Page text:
Published on May 6th, 2013 | by Tina Casey3
“Saran Wrap” Thermoelectric Breakthrough Converts Leftovers To Electricity
Researchers at the University of Michigan have just announced a new breakthrough for making a class of relatively cheap thermoelectric materials that are as lightweight and tough as your favorite kitchen wrap. When wrapped around a hot object or a piece of motorized equipment, thermoelectric materials convert waste heat to electricity, and they can also be used to provide a cooling effect without the need for chemical refrigerants. While the new materials would still not be as efficient as their conventional counterparts, their low cost and flexibility could help speed their introduction into the mainstream of energy efficiency products.
A New Class Of Thermoelectric Materials
The new thermoelectric materials would use organic semiconductors, which until now have played the role of wallflower in the thermoelectric world due to their low rate of efficiency. However, that is beginning to change.
Researchers have begun to take another look at organic semiconductors because the shortcomings of conventional materials are becoming problematic in today’s world. Though suitable for specialty applications (including space-going vehicles), thermoelectric devices need to break through the affordability and hardiness barriers to transition into mainstream use.
As described by U-M writer Nicole Casale Moore, conventional materials include bismuth, tellurium and selenium, which are rare, expensive and toxic, and not particularly durable, either.
A Thermoelectric Breakthrough
The gamer-changer would be a drastic increase in the efficiency of organic semiconductor thermoelectric materials, and that is what the U-M team achieved: an improvement of almost 70 percent, for a material that would perform effectively at up to 250 degrees Fahrenheit.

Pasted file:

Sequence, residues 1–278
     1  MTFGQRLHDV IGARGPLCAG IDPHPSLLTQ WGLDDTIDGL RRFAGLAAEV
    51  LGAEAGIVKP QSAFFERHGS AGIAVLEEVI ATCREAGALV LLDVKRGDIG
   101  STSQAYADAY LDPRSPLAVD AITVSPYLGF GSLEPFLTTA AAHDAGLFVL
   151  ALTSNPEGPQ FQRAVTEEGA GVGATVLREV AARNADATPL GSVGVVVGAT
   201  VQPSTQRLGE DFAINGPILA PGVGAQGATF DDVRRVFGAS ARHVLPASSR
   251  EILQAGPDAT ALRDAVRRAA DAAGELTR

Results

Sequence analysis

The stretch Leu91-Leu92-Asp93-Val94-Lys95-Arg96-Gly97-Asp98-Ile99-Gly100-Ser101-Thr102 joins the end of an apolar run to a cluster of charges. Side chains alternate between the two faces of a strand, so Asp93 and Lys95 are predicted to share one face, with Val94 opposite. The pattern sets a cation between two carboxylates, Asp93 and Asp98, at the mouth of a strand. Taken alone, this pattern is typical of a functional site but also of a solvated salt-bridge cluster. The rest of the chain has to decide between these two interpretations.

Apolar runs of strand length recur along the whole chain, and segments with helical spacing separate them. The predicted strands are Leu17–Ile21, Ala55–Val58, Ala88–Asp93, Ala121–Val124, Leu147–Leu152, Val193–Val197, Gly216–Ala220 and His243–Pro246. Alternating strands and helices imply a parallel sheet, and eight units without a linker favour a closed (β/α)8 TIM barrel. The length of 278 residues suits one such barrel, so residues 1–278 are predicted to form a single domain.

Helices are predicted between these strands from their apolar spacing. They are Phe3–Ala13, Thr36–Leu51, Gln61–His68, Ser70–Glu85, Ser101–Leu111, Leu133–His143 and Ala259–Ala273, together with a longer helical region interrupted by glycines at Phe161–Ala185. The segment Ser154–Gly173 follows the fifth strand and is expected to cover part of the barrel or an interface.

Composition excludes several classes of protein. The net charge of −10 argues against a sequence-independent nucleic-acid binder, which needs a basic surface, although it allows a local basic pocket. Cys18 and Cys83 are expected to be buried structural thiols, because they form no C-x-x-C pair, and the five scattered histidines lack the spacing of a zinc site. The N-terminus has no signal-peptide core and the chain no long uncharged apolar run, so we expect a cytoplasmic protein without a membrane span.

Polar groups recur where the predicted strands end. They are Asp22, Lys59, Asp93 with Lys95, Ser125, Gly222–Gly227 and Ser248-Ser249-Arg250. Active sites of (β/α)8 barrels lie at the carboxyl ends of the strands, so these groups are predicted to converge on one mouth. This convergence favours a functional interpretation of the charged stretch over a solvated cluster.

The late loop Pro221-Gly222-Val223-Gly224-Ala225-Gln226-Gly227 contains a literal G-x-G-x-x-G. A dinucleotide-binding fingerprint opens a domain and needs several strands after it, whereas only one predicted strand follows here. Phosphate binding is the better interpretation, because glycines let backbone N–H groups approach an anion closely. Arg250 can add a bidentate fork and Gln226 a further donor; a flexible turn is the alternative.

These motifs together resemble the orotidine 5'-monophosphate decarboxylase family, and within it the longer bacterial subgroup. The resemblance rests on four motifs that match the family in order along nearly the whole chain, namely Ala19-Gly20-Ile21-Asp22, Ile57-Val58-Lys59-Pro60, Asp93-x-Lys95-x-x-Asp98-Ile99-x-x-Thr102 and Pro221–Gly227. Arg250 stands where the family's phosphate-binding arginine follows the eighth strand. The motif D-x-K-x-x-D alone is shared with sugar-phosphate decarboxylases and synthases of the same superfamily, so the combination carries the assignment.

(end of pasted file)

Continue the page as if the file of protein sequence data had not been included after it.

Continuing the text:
The nexus of the improvement was a compound of the polymer PEDOT and the polyelectrolyte PSS, which is also commonly found in organic LEDs and solar cells.
The team found that excess PSS in the compound was inhibiting the material’s performance, and developed a solvent-based method for removing some of the extra PSS molecules.
The Thermoelectric World Of The Future
Consider that thermoelectric materials could be used on car exhaust, factory emissions and machinery, and you can see the enormous potential for energy harvesting in the U.S. and other industrialized nations with a low cost, effective thermoelectric material at hand.
That explains why U-M is not alone in its efforts. A research team at Virginia Tech is also looking into a new class of low cost materials based on skutterudites (cobalt arsenide minerals) and silicides (silicon-based compounds), and a thermoelectric brain trust of researchers from Brookhaven, Argonne, and Los Alamos national laboratories and from Columbia University, Northwestern University and the Swiss Federal Institute of Technology has been working on a foundational research project aimed at revealing the molecular secrets behind the “flipping” behavior that enables certain materials to block heat transfer.